Category Retirement
SUB CATEGORIES Annuties |  General |  Savings & Investments | 

If you want to retire comfortably you must...

21 September 2010 Gareth Stokes
Gareth Stokes, FAnews Online Editor

Gareth Stokes, FAnews Online Editor

Volumes have been written on the subject of retirement. Financial journalists and media liaison officers at various financial services providers and industry bodies have churned out dozens of columns on the sensitive topic. The idea is to create an awareness of the challenges every South African faces at retirement. Professional financial planners and intermediaries have their work cut out too. They spend hundreds of hours in close consultation with their clients to ensure sufficient capital is available at retirement.

The ‘big idea’ in retirement planning is to ensure you have enough capital at retirement to satisfy your living standard requirements until death. How do you determine this capital amount? Aside from the obvious ‘first steps’ in financial planning, most experts begin the ‘capital required’ debate by determining an appropriate replacement ratio. They ask clients to sit down and decide how much of their final gross salary prior to retirement they will comfortably survive on in their first year after retirement. This replacement ratio isn’t the same for everyone, but the industry deems a replacement ratio of 75% in the first year, with inflation adjustments each year thereafter until death, to be sensible for a comfortable retirement.

Bring on the number crunchers

Armed with an appropriate replacement ratio – and sensible inflation and return expectations – financial planners can estimate the capital lump sum required on retirement. Today’s newsletter isn’t going to get too technical. We’re quite happy to leave the complicated present value of annuity calculations to the actuaries. Our basic attempt to answer the ‘can you afford to retire’ debate includes an assumption that your first day of retirement is tomorrow. How much capital would you need?

It’s dangerous to assume things in the world of financial planning and investment, but we don’t have much choice. For this exercise we’ll assume inflation of around 6%, an annual gross final salary of R240 000 per annum and a replacement ratio of 75%. Our subject is retiring tomorrow and can survive comfortably on R15, 000 per month. Peter Doyle, President of the Actuarial Society of South Africa, answers the question: “How much do I need to save for my retirement?” with another question. How likely are you to have R6 million in savings and investments at your disposal? That’s how much you would need – tomorrow – if you hoped to generate R15 000 per month without eating into your available capital.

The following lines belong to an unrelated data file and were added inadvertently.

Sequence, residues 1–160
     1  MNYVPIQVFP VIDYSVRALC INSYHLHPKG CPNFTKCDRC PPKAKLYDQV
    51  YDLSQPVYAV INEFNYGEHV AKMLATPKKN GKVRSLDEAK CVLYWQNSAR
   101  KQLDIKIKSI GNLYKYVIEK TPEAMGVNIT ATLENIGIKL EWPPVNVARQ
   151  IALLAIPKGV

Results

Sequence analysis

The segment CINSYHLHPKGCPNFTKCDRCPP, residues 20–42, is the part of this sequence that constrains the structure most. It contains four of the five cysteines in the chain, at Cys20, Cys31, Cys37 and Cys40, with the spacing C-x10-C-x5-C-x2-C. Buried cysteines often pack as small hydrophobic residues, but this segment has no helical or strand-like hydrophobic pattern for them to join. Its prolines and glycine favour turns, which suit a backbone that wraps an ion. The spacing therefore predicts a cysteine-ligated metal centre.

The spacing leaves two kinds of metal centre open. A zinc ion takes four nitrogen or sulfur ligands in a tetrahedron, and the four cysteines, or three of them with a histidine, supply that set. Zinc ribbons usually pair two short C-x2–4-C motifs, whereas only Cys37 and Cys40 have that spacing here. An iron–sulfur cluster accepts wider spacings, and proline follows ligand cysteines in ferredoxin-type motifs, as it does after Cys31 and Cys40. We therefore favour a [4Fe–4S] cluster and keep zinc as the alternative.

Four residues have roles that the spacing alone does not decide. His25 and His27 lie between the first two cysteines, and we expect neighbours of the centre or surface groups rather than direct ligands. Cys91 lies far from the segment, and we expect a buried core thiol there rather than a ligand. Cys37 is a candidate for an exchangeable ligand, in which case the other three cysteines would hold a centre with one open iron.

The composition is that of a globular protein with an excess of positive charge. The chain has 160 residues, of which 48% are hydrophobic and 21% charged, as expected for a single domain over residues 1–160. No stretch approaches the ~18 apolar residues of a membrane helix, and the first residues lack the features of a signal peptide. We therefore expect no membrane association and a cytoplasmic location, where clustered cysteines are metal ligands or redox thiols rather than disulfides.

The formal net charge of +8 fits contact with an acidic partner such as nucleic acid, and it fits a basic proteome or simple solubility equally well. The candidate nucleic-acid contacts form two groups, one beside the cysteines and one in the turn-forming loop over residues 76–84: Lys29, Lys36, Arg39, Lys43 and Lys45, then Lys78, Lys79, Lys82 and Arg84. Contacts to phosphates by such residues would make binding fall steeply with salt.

Of course the capital preservation theory isn’t going to feature in too many retirement plans. The optimum solution would require this capital amount to be depleted to almost zero at death. The typical retiree purchases an annuity to provide this monthly income to death, with current regulation allowing for an annual ‘salary’ drawdown on the annuity capital of between 2.5% and 17.5%.

More simple retirement calculators

The ‘rule of thumb’ is you need 12 times your annual salary to buy a financially comfortable retirement – assuming you’re debt free and single. You need to bump up this amount to 15 times if you have a spouse. Doyle observes: “If you currently earn R1 million a year, you will need around R12-million when you retire. With an annual real return of 3% you will be able to draw an income of R30 000 per month (before tax) and keep pace with inflation for a very long time.” You’d need R1.5 million to ensure access to R3 750 per month on an ongoing basis.

Doyle warned against factoring your house into the retirement equation: “You’re fooling yourself with this approach, because you will still need to stay somewhere once you have retired! We’ve heard similar warnings in recent months – with one financial adviser observing the technical difficulties in downsizing properties at or during retirement. People think they can convert their family home into a smaller retirement property and pocket a few hundred thousand rand in change. Instead they’re lucky to find a smaller property for the same money!

Living for the moment

Too many South Africans live for the moment, passing the opportunity to save in favour of funding their immediate lifestyle needs. Because consumers don’t have the discipline required to independently implement long-term financial plans it’s essential they consult with a qualified financial adviser. The financial services industry tries to drill this message home during one month each year. But the message needs to be drilled into our conscious 24/7 365 days a year! “It’s important that we provide consumers with an indication of what their long-term savings goals should be,” says Doyle.